Freebies

2015-10-27 19.24.59Everyone loves a good freebie!

As I create new resources I’ll offer bits and pieces for free when I can, and when I do this is where you’ll find them. For now I’ll start you off with a list of free resources that you can use with your students to start your coding journey!

 

Interactive PC and web-based tools to teach programming:

  • Code Academy – web-based, students just need to sign up using an email address. Complete a huge variety of coding tasks online and earn points and badges while doing so.
  • Code Studio – work through a range of activities designed for children of all ages, includes lesson plans and “unplugged” activities that can be done without a computer.
  • Code School – Access to 11 free courses on languages including Javascript, Python, Ruby, and even more with a paid subscription.
  • Tynker – Particularly great for young learners, uses a drag-and-drop interface, children build their own games and work through challenges. Comes with a few free activities to get you started, but then you’re looking at paid subscriptions after that.
  • Alice – a downloadable 3D programming environment designed to be a student’s first exposure to object-oriented programming. Students learn fundamental programming concepts in the context of creating animated movies and simple video games.

 

PC and web-based platforms to help you build your own programs:

  • MIT Scratch – very popular, fantastic for younger learners, completely free and “in the cloud” so you do all your work in your internet browser. Uses simple drag and drop editors to create interactive stories. Publish your work to share with others.
  • MIT App Inventor 2 – very much like Scratch, except designed for building Android apps! Completely free, “in the cloud” and uses very similar simple drag and drop editors to Scratch.
  • Kodu Game Lab – free downloadable software from Microsoft designed for building 3D games. Very intuitive and a big online community to provide help if you need it, can be used to build PC or XBox games. Visually stunning and lots of fun!
  • Kids Ruby – free downloadable software to teach Ruby programming to kids. Requires a little tech savvy to get it up and running.
  • GameMaker Studio – Developed by YoYo Games, free downloadable software to develop games for multiple platforms including Windows, Mac, iOS, Android, Ubuntu and more. Use drag and drop or GML (a C-style language) to build your RPG and platformer style games. Lots of fun! Best for older learners.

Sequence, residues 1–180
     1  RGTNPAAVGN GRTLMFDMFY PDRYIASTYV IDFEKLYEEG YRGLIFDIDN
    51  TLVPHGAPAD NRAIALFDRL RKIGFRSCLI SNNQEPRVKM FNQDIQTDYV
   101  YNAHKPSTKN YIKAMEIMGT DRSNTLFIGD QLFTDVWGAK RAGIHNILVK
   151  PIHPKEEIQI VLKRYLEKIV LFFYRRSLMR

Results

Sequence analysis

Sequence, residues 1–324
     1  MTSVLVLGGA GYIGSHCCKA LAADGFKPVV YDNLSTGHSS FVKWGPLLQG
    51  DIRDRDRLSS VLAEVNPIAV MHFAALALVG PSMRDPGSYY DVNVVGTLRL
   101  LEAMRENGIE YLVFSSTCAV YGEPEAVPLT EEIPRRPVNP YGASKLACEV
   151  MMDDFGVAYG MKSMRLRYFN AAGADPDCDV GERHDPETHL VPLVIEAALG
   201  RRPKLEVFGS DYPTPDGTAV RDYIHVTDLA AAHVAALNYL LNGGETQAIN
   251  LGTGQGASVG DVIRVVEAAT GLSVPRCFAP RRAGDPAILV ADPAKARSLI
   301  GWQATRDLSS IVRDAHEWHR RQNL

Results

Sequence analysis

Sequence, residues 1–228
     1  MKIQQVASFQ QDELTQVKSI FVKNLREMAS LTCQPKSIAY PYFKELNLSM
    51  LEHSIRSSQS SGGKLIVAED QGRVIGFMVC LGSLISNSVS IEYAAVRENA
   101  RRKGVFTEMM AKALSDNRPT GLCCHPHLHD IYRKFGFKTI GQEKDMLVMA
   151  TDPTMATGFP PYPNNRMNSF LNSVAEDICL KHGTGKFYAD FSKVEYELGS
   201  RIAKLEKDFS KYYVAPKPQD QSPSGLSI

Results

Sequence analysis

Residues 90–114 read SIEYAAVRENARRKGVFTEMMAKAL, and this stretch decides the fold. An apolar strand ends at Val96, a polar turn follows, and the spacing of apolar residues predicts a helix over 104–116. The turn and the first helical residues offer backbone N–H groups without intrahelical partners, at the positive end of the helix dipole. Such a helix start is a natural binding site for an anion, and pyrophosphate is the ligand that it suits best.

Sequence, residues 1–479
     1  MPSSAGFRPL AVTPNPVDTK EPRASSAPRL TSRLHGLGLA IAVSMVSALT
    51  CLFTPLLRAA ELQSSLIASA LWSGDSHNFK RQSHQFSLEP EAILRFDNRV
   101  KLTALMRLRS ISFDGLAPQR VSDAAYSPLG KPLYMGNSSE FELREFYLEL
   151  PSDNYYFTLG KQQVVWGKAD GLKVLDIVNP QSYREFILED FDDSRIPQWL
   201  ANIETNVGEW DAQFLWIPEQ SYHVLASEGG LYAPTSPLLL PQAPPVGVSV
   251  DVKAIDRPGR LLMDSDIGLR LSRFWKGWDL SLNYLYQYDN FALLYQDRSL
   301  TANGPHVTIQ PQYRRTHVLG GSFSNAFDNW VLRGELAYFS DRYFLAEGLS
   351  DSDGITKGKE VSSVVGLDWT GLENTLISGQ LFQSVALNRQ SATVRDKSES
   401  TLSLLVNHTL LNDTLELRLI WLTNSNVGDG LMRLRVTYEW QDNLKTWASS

iPad apps that teach programming:

  • Daisy the Dinosaur – has an easy drag and drop interface that kids of all ages can use to animate Daisy to dance across the screen. Kids will intuitively grasp the basics of objects, sequencing, loops and events by solving this app’s challenges.
  • Hopscotch – Inspired by MIT’s Scratch, the Hopscotch programming language works by dragging and dropping method blocks into scripts. When you’re done with a script, press play to see your code in action! Make games and share them with others.
  • Code Warriors: Hakitzu Battles – learn Javascript via an epic multiplayer robot combat game, where you learn the basics of coding while battling in both single and multiplayer missions.
  • Coddy Free – children construct a sequence of steps so that the pencil Coddy can draw a pattern chosen from the menu or created from scratch. Encourages logical thinking and programming skills.
  • Kodable – Designed for 4 to 11 year olds, Kodable aims to have your children programming in Javascript by Grade 5. Starts with a series of free lessons, then a subscription can be purchased. Covers concepts including sequencing, logic, algorithms, syntax, methods and more.

 

Other resources (e.g. videos, reference guides):

  • Learn HTML & CSS – A series of comprehensive text-based lessons on HTML and CSS that you can work through at your own pace.
  • W3Schools – Fantastic reference for HTML, CSS and Javascript. Includes tutorials as well. I still use this when I’m building websites!